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Date: March 20th 1917

Sandal House
Sandal. Wakefield
Tuesday. Mar 20. '17

Dearest Arfa:

There were two dear letters from you this morning written from hospital. Also I had letters from Mrs. Peto, Mrs. Brock (Major Brock's mother) at Glencoe Lodge, Mrs. Grierson and Louie so I got a lot of Canadian news.

Aunt Edie had a visit from her legal advisor on Sunday and you would have died to hear him take off my Canadian speech. I hadn't uttered more than two or three sentences when he repeated what I had said and it was so like myself! and so Irish! He apologized immediately afterwards but we had a good laugh at my expense first. I think I'll have to learn English for a change though Mr. Farris said I was to stay a Canadian.

We were at Miss Mackie's for lunch to-day and it is such a lovely house and full of beautiful pictures. Miss Mackie showed me all over it - just think of one lone female occupying all that house. The garden is very lovely and the rooks cawing in the trees made it seem like miles away in the country. She is awfully nice and hopes to see you before we go back to Canada. Then we went to a bazaar and met, it seemed like, hundreds of people who knew your mother when she was a little girl. They seem to think I'm not a bad sample of daughter-in-law. I met the Vicar of Wakefield and his wife, Canon and Mrs. Welsh. They were in Toronto for fourteen years and know all the Wrights - you remember those girls you met at Aunt Louise's. We became quite chummy and they asked us to tea there on Sunday. I'm really having an awfully good time, Aunt Edie has planned so many nice things for me.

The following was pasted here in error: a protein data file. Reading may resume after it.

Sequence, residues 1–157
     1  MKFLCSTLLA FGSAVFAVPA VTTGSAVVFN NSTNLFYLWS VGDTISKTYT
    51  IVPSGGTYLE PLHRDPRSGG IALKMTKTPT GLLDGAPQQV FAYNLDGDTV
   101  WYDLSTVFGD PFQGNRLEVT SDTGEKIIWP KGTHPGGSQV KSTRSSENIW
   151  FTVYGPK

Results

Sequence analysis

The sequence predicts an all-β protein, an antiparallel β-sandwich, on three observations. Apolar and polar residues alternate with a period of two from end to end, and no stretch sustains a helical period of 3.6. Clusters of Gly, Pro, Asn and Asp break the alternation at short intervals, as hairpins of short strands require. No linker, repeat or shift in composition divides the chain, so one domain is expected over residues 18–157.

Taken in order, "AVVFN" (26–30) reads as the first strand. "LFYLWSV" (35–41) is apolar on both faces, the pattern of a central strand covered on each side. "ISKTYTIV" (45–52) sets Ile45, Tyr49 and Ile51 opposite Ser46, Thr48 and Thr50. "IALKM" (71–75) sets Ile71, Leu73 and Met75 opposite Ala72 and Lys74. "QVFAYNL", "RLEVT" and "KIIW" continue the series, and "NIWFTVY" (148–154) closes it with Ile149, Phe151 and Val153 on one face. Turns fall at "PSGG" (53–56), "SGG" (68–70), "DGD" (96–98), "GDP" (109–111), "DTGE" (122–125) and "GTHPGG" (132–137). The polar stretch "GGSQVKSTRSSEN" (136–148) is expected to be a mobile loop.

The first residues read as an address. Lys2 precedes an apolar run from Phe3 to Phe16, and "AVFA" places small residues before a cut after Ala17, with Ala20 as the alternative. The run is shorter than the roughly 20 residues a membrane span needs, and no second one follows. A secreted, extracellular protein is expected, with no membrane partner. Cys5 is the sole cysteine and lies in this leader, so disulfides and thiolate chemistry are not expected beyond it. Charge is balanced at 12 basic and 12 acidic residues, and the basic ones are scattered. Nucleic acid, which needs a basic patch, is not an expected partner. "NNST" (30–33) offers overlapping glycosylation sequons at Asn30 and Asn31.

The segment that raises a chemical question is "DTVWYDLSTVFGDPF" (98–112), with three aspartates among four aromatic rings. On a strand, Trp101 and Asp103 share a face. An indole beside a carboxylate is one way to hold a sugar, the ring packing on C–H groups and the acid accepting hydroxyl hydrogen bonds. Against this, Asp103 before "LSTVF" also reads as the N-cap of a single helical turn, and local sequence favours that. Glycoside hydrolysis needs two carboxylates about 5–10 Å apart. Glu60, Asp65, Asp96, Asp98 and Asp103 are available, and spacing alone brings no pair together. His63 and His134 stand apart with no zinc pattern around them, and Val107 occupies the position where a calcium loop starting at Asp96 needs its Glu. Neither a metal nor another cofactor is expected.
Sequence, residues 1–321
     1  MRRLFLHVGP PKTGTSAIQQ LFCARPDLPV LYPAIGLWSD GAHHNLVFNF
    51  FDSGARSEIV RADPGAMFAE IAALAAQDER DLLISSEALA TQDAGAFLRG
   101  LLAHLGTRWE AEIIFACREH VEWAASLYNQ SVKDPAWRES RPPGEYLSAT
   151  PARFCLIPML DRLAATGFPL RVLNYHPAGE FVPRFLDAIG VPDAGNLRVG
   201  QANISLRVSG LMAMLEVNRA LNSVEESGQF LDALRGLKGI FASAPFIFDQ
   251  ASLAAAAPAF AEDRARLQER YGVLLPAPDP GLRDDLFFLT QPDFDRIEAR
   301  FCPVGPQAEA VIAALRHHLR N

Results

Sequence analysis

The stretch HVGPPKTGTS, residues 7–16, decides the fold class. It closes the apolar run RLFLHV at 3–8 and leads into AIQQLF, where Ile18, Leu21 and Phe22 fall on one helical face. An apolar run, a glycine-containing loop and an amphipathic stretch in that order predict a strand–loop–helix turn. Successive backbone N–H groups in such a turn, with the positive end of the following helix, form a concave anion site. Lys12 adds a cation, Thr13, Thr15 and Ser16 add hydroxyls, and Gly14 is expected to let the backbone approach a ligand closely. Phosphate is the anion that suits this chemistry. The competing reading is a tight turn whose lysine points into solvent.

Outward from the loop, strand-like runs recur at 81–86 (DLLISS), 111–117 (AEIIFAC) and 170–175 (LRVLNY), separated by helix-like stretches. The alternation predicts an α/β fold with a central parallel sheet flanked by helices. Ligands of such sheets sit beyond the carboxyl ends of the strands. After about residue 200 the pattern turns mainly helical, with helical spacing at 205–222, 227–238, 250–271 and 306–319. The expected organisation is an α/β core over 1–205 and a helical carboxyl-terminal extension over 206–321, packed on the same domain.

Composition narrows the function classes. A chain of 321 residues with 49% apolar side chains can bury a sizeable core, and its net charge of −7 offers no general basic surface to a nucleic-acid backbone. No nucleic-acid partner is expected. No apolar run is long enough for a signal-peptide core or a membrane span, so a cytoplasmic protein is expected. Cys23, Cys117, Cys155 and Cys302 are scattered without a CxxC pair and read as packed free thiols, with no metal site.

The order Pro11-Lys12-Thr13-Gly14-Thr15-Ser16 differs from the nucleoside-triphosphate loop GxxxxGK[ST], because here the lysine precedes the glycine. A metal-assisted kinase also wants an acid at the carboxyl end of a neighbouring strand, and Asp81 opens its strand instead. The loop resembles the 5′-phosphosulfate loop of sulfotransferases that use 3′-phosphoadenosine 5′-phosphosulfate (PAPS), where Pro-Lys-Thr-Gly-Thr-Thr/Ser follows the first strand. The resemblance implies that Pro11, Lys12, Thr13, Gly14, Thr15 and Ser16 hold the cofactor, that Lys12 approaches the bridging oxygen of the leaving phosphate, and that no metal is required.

I'd rather though be going to the hospital every day to see you dearie. I wonder if you will get over yet. Even a day would make me blissfully happy. All my love dear heart to make you happy. Your little pal, Alice Leighton.